The western-type diet contains 0.15% cholesterol and no cholic acid, whereas the butterfat diet contains 1.25% cholesterol and 0.5% cholic acid. Both diets induce atherosclerosis in LDLR-null mice, but the degree of hyperlipidemia is higher with the butterfat diet. Given the unexpected and largely significant results of the first study, conducted using the western-type diet, we designed the second experiment with the intent of inserting variables that could potentially change the outcome of the intervention. For this reason, the second study was done using male LDLR-null recipients, LDLR–/–ACAT1–/– donor marrow, and a more atherogenic diet.

Experimental design.

In the first experiment, we used 14 mice in each of the three groups receiving donor fetal liver cells with the three possible ACAT1 genotypes. In the second experiment, we used six mice in each of the two groups receiving either ACAT1+/+ or ACAT1–/– cells. A power calculation analysis based on data from the first experiment showed adequate power (0.99) to detect this effect again for a level of significance of P < 0.05 by using five mice in each group.

Fetal liver cell isolation.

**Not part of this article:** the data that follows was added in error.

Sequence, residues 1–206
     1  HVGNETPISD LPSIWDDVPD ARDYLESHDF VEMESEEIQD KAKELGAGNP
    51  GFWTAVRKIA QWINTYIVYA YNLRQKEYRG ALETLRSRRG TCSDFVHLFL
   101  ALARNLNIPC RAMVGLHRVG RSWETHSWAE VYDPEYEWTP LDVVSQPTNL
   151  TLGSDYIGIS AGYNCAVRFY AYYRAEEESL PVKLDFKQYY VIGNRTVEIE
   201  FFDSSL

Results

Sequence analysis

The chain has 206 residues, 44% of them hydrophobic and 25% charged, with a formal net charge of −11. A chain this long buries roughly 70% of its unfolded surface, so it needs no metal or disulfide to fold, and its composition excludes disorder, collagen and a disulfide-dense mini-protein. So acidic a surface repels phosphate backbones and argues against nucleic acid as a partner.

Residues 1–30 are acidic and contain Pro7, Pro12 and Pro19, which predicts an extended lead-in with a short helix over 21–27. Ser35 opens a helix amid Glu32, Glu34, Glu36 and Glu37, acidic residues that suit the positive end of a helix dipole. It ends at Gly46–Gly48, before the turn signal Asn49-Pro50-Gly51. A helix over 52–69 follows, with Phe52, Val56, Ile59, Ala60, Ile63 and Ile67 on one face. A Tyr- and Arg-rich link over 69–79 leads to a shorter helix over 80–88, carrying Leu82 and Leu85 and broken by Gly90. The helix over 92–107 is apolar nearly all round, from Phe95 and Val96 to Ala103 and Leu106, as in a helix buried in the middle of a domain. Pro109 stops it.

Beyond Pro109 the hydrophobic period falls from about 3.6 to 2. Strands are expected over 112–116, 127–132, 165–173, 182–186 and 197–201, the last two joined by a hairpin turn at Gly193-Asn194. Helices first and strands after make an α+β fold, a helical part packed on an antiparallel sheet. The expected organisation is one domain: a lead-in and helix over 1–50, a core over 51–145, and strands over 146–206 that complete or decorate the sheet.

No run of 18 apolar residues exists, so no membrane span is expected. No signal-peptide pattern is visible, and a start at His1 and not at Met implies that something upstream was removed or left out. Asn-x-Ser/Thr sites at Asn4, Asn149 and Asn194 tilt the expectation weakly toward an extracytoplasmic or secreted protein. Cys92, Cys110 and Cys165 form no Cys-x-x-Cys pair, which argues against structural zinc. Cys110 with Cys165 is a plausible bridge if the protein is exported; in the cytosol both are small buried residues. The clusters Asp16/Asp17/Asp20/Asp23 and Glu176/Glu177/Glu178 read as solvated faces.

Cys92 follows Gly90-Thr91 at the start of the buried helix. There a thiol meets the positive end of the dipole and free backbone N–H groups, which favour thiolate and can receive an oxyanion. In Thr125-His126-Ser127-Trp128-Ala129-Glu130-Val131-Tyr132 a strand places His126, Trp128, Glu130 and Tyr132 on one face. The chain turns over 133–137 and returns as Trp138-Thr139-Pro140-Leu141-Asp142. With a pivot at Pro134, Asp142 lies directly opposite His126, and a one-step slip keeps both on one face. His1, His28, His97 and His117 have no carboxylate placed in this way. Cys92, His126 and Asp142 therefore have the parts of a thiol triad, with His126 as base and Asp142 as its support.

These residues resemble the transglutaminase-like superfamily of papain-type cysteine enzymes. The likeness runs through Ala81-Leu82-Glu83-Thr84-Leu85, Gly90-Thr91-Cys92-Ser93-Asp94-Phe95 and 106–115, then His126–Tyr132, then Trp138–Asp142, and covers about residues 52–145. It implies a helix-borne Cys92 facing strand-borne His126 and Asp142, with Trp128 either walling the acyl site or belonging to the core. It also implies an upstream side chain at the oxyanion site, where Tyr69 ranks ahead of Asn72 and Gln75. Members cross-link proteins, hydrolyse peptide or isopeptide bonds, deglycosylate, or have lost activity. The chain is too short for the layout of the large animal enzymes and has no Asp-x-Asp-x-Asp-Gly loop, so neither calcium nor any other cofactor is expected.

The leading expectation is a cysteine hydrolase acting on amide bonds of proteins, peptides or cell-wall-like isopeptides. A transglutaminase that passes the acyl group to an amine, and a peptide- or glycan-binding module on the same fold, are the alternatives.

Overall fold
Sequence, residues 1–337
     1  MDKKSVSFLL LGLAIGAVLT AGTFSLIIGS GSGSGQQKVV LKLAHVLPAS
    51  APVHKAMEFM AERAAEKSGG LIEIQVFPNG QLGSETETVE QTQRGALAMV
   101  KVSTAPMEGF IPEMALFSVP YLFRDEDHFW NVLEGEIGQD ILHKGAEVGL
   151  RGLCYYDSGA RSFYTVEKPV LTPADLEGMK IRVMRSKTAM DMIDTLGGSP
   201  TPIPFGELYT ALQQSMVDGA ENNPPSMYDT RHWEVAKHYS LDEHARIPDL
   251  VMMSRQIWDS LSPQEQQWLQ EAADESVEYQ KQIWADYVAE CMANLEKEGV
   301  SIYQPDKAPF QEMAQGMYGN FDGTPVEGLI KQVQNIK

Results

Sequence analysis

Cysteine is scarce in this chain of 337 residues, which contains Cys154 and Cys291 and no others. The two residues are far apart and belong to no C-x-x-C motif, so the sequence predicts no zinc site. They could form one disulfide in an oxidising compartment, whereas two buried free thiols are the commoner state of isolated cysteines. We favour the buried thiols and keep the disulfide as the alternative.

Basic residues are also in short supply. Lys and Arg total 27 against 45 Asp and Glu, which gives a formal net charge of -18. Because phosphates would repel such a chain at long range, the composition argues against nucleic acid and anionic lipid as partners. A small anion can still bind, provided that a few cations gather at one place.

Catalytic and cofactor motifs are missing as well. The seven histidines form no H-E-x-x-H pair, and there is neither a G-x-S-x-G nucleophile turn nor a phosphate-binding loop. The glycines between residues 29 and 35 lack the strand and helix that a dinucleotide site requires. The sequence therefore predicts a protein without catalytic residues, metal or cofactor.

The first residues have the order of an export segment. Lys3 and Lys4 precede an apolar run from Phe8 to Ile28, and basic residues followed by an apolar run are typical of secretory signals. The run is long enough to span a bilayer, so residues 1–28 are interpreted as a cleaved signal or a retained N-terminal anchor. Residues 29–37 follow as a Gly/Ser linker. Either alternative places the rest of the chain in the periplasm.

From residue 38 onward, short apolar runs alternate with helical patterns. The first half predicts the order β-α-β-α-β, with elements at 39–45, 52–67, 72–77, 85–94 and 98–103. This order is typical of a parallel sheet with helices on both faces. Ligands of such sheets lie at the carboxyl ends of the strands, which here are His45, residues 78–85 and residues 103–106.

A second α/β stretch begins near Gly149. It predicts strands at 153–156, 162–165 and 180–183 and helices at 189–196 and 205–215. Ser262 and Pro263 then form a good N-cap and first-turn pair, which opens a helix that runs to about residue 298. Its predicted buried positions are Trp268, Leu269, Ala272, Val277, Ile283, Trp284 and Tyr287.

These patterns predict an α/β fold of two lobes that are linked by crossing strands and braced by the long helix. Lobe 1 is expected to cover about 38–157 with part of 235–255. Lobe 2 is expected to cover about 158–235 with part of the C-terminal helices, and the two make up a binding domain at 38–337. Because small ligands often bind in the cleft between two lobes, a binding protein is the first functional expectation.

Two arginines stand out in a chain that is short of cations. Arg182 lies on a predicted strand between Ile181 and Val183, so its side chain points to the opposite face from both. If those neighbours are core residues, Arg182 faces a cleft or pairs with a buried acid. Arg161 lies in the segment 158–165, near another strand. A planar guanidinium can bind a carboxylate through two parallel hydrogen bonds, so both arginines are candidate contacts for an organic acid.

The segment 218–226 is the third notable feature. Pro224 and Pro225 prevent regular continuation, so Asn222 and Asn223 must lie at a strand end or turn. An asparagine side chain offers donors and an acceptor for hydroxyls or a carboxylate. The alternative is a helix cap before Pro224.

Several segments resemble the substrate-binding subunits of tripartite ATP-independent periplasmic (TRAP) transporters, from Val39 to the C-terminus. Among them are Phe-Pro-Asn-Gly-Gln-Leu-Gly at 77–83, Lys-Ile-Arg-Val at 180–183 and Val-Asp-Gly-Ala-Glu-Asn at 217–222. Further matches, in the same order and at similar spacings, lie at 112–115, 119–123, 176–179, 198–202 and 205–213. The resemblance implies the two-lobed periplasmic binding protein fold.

Female ACAT1+/– mice were mated with ACAT1+/– males, and pregnancy was determined by the presence of a vaginal plug. On day 14 of gestation, the mice were killed by cervical dislocation and the embryos were dissected from the placenta and yolk sac. The rest of the procedure was done as previously described (24).

Rapid PCR genotyping and sex identification.

To identify the ACAT1 genotype of the fetuses, genomic DNA was amplified with the following primers: 5′-CAG CTA TGT ACA CAC ATA TAT TCA TG-3′, located upstream of the targeting vector; 5′-TTG GGA AGA CAA TAG CAG GCA TGC-3′, located in the polyadenylation signal of the Neo gene (the targeted allele yields a 833-bp band); and 5′-GGA CTT TTC AAT GAG GTT GGT CAC-3′, which is unique to the deleted region of the wild-type allele (and yields a 790-bp fragment) (13). The sex of the fetuses was identified using primers to detect the Zfy gene present in the sex-determined region of the Y chromosome (25).

Fetal liver cell transplantation.

A week before, and 2 weeks after, transplantation, all recipient mice were given 100 mg/l neomycin and 10 mg/l polymyxin B sulfate (Sigma Chemical Co., St. Louis, Missouri, USA) in acidified water. Fetal liver cells were thawed rapidly at 37°C and washed in RPMI-1640 containing 2% FBS. Forty 12-week-old female recipient LDLR–/– mice were lethally irradiated (9 Gy) using a cesium gamma source, and 4 hours later, 5 × 106 cells in 300 μl of RPMI-1640 media were injected into the tail vein. After transplantation, the mice were placed on a rodent chow diet (catalog no. 5010.; PHI Feeds Inc., St. Louis, Missouri, USA) for 4 weeks and then on a high-fat western-type diet (21% fat and 0.15% cholesterol; Teklad Madison, Wisconsin, USA) for 12 weeks.